Moab city staff members are gearing up to begin the next phase of the update process for the Moab City General Plan. Small groups comprised of local residents with specific interest or expertise will participate in a series of three topic forums to be held next week.
The current draft of the city’s general plan was adopted in 2002, according to city staff. However, there have been small updates since that time. Utah law requires that cities have and maintain a long-range plan that will help guide city leaders in identifying present and future needs for the community. The law requires that general plans be updated every seven to 10 years.
Members of Moab city staff and SE Group, a consulting firm that the city hired to help with the planning and implementation of the plan, began the process of gathering input on the general plan in August. The process started with an open house and two sounding board sessions designed to acquire public input about the plan.
According to Moab City Planning Director Jeff Reinhart, the three forums scheduled for next week will cover topics that arose as common themes in the feedback gathered during the first several meetings. Those topics will be: neighborhoods, economic development and transportation.
In an effort to keep the forums smaller, the staff has selected residents who showed a particular interest or expertise in one of the listed areas, said Reinhart. Reinhart said the city and consulting firm are trying to keep the groups at around 12 to 14 participants.
According to Moab City Zoning Administrator Sommar Johnson, one of the common themes that came up during those sessions was the concept of neighborhoods.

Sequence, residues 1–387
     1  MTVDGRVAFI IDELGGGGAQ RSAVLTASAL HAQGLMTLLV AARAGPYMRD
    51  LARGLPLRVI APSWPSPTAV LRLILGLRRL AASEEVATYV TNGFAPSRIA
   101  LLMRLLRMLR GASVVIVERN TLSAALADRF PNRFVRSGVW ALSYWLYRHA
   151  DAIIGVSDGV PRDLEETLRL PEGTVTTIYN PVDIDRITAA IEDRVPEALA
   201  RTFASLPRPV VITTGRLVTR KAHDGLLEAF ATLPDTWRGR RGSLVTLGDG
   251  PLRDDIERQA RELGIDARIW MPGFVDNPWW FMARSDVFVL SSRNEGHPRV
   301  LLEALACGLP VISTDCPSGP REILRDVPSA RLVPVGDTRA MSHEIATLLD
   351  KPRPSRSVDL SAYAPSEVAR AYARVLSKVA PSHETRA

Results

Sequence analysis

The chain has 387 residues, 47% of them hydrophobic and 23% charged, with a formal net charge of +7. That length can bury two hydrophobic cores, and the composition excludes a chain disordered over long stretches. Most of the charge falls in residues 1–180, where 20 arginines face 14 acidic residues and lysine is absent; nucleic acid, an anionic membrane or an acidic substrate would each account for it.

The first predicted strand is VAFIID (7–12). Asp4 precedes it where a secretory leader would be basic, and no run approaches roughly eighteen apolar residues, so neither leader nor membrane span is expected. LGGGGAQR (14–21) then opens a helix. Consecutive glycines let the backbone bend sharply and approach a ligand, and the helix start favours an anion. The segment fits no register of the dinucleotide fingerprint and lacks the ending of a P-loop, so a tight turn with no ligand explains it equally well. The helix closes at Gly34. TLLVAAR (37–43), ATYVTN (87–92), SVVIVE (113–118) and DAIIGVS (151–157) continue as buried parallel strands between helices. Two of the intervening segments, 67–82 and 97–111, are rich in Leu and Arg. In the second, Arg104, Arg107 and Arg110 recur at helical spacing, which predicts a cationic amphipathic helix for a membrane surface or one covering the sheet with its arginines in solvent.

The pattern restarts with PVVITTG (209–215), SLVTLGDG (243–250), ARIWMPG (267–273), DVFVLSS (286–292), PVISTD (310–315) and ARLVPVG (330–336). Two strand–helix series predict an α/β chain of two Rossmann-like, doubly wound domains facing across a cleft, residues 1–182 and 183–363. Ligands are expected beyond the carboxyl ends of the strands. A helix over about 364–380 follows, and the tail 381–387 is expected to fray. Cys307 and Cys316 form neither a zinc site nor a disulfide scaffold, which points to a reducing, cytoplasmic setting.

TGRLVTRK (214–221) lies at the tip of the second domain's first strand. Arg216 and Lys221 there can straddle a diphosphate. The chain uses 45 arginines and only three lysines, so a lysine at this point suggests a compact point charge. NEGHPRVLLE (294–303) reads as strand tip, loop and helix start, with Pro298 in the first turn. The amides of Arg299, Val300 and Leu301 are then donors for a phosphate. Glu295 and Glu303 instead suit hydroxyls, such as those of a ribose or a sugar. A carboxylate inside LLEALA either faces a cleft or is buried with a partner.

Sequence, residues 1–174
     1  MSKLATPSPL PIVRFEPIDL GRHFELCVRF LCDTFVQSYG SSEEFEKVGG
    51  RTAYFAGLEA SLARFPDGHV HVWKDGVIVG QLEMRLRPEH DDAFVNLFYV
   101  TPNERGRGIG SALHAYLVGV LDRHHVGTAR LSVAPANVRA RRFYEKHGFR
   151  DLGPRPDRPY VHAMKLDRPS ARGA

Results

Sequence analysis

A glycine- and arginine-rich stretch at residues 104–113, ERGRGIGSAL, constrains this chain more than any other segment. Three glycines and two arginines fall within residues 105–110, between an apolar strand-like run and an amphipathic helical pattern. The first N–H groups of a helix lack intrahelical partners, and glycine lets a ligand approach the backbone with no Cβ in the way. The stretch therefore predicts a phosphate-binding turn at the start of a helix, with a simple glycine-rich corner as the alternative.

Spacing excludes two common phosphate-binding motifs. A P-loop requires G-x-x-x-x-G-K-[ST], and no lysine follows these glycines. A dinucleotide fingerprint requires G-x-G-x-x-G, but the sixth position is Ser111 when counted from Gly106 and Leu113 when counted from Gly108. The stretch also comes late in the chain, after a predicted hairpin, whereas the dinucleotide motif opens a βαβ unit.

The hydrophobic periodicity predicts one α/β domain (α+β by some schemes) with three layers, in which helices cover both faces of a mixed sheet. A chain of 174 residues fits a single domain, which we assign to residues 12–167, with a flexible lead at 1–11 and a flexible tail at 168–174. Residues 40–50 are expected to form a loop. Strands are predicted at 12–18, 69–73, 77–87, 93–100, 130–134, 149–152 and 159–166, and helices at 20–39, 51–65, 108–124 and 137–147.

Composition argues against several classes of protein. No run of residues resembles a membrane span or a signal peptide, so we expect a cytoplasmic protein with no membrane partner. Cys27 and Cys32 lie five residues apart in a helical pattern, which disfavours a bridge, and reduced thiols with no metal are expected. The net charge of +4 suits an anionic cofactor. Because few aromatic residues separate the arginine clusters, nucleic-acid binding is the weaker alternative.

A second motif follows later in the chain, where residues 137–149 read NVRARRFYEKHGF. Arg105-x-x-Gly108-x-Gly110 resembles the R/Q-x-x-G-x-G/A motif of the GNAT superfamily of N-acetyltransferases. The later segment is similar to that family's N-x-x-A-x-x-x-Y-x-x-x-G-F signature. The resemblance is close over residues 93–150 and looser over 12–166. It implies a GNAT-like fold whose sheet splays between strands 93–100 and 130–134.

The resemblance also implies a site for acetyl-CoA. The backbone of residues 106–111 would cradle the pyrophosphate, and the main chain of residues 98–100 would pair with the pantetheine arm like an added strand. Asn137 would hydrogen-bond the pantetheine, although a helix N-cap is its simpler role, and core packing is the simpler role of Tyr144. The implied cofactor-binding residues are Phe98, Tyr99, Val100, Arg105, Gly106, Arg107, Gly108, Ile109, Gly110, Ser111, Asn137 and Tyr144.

“Not only did we hear about “Old Moab,” but several other [issues] such as mobile home parks, multi-family affordable housing neighborhoods, and traditional single-family areas,” Johnson said.
Because of the vast degree of interest in the neighborhood concept, it has been chosen as the topic of a forum that will be held on Tuesday, Oct. 16, city officials said.
“This topic forum [will] be aimed at getting stronger understanding of neighborhood definitions in Moab,” Johnson said. “Not only where they are and their ‘boundaries’, but also the role they play in providing a variety of housing options, what makes them unique and desirable to their residents, and what could potentially be improved in the future.”
Information from the three upcoming forums will be taken into consideration along with the previously collected data. The next community-wide public meeting regarding the update will be held on Nov. 8.